This societal shift along with a burgeoning local arts scene has increased awareness and interest in the performing arts, Green says, and the Weidner in part helped spearhead this movement. “When [the Weidner] opened in 1993 there wasn’t a Resch Center or revitalized Meyer Theatre, no Fox Cities P.A.C.,” Green says. “In many ways the success of the Weidner served as a catalyst for the construction of other venues. As it turned out, Northeast Wisconsin and the Upper Peninsula were hungry for entertainment. That in itself speaks volumes as far as what this community wants.” Green sees the arts community only continuing to grow in the Green Bay area. “We may be a football town, but we are an economically healthy community,” she says. “We have a lot of diversity in our community and it’s refreshing to see how much it’s grown.”

WI-5001896060

DOWNTOWN DE PERE ART WALKS presented by Starry Realty are back with six summer dates! Meet and engage with local artists on May 29, June 12, June 26, July 17, July 31 and August 14 from 5-8pm in historic downtown East De Pere. More info: www.definitelydepere.org/artwalk

As for the future, Green believes the Weidner is poised for continuous growth which brings her a great deal of personal and professional satisfaction. “I think we have a lot of great programs going on and will continue offering a variety of entertainment for the general public and student groups,” Green says. “I see nothing but a bright future and a lot of growth. It’s a good place to be in.”

De Pere celebrates 125 years with their brand new EastWest Music Fest series, presented by Unison Credit Union! A collaboration with the Mile of Music, over 75 live performances will take place downtown on Fridays this summer: June 5, June 19, July 10, July 24, August 7 and August 21. See 12 performances each Friday with shows running from 7-midnight. More info: www.definitelydepere.org/ eastwestfest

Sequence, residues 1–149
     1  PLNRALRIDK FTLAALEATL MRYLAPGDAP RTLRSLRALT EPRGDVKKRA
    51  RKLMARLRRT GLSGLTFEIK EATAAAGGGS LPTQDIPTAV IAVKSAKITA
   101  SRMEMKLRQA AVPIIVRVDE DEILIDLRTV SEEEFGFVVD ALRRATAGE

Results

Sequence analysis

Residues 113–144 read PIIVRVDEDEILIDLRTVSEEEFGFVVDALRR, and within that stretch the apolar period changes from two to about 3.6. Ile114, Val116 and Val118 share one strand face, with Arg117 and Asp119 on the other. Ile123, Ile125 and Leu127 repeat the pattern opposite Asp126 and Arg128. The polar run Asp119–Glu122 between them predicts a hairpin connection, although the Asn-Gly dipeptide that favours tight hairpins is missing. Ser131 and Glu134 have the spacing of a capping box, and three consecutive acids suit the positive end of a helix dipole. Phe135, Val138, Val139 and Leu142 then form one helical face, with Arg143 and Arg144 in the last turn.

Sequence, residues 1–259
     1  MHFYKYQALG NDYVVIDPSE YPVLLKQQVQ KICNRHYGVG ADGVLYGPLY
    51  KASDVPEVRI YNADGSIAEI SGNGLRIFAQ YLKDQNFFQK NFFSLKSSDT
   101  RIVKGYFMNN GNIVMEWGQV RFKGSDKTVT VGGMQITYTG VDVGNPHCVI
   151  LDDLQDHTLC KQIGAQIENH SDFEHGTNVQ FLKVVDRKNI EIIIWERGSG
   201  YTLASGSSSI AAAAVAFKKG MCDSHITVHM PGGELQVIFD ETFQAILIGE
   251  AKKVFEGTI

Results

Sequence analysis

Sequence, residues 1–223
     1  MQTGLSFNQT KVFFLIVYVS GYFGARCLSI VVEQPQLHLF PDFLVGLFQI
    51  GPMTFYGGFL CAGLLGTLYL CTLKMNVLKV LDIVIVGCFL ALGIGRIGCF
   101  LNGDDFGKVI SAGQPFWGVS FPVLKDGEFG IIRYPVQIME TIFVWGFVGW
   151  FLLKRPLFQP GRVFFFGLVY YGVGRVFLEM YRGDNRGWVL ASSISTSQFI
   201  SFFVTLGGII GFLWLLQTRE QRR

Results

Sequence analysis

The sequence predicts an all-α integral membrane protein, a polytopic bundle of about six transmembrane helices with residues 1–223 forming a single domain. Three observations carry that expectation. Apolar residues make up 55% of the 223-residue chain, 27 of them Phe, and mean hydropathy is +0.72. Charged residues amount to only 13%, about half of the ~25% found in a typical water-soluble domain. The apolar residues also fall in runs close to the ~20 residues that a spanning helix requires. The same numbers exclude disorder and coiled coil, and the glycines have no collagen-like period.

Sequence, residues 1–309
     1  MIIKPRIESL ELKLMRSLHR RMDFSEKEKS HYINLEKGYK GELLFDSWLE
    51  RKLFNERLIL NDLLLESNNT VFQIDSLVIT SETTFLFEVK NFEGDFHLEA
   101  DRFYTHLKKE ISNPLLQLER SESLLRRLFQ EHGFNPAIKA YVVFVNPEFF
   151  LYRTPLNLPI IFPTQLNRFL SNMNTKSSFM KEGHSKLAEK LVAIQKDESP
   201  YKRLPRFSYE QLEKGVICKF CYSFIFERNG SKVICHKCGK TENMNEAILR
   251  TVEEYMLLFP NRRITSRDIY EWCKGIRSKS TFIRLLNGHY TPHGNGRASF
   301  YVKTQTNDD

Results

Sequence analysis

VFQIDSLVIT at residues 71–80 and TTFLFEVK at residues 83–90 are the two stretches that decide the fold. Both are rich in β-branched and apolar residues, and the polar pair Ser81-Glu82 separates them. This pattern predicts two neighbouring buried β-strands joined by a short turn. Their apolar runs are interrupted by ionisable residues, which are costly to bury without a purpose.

More info visit www.definitelydepere.org

12 | www.greenbaypressgazette.com/you | MAY 2015


shop. dine. play

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MAY 2015 | www.greenbaypressgazette.com/you | 13


your style

A Painting Come to Life Kirsty Gungor is a blogger, photographer, fashion maven and do-ityourselfer extraordinaire. Originally from South Africa, Kirsty now lives in Green Bay with her husband and four children. Read more at www. loveliesinmylife.com.

Interpreting famous works of art into fashion Story and photos by Kirsty Gungor of loveliesinmylife.com on location at Paintin’ Pottery or Bead It, De Pere Hair and makeup provided by Salon Fifty Four, Green Bay Special thanks to our models: Indigo Stoney with Forte Modeling & Talent, Victoria Stencil, Jillaine Sturdivant and Chelsey Drikfa

Maxfield Parrish Sleeping Beauty in the Wood

Maxfield Parrish is known for his luminous oil paintings illustrating fairy tales and magical windows into other worlds. He became America’s most successful and best known illustrator in the early 20th century, with one out of every four households displaying a copy of his illustrations on their walls. Parrish’s paintings epitomize the most idyllic of worlds with extraordinary beauty. Parrish’s rendition of Sleeping Beauty was created in 1912 and depicts a maiden asleep in an enchanted garden, wearing a classical gown in a setting filled with flowers and glowing earth tones. Our Sleeping Beauty is swathed in the understated elegance of a Grecian-like gown, delicate flowers spilling from her bodice and a goddess-like crown on her head. 14 | MAY 2015


Andy Warhol 10 Marilyns

Andy Warhol’s name is synonymous with the pop art style and he is famous for his often comic creations which placed emphasis on celebrity with a whimsically vivid use of color. Warhol created more than 20 screenprint paintings of Marilyn Monroe in the months after her death in 1962. He used a publicity photo taken for the film “Niagara” and in the case of “10 Marilyns,” created a series of 10 brilliantly colored images of the icon using his silk-screening technique. Our Marilyn wears a red-hot dress highlighting her beautiful curves and drips in the brightest and most dazzling vintage jewels.

MAY 2015 | www.greenbaypressgazette.com/you | 15


your style

Vincent Van Gogh The Starry Night Model: Indigo Stoney with Forte Modeling & Talent

Vincent Van Gogh’s “The Starry Night” is one of modern culture’s most well-known paintings, still adored and replicated over and over again. Van Gogh, a post-Impressionist painter, created “The Starry Night” in 1889 while in an asylum. This astounding masterpiece is dominated by a moon and star-filled night sky which radiate light in their swirling patterns of rich yellows and dark blues, overlooking a hushed village with thickly layered brushstrokes. Our interpretation of “The Starry Night” comes to life as a star in the flesh, a radiant celestial being floating in shimmering silver lace and a cape that sparkles a deep midnight blue.

16 | www.greenbaypressgazette.com/you | MAY 2015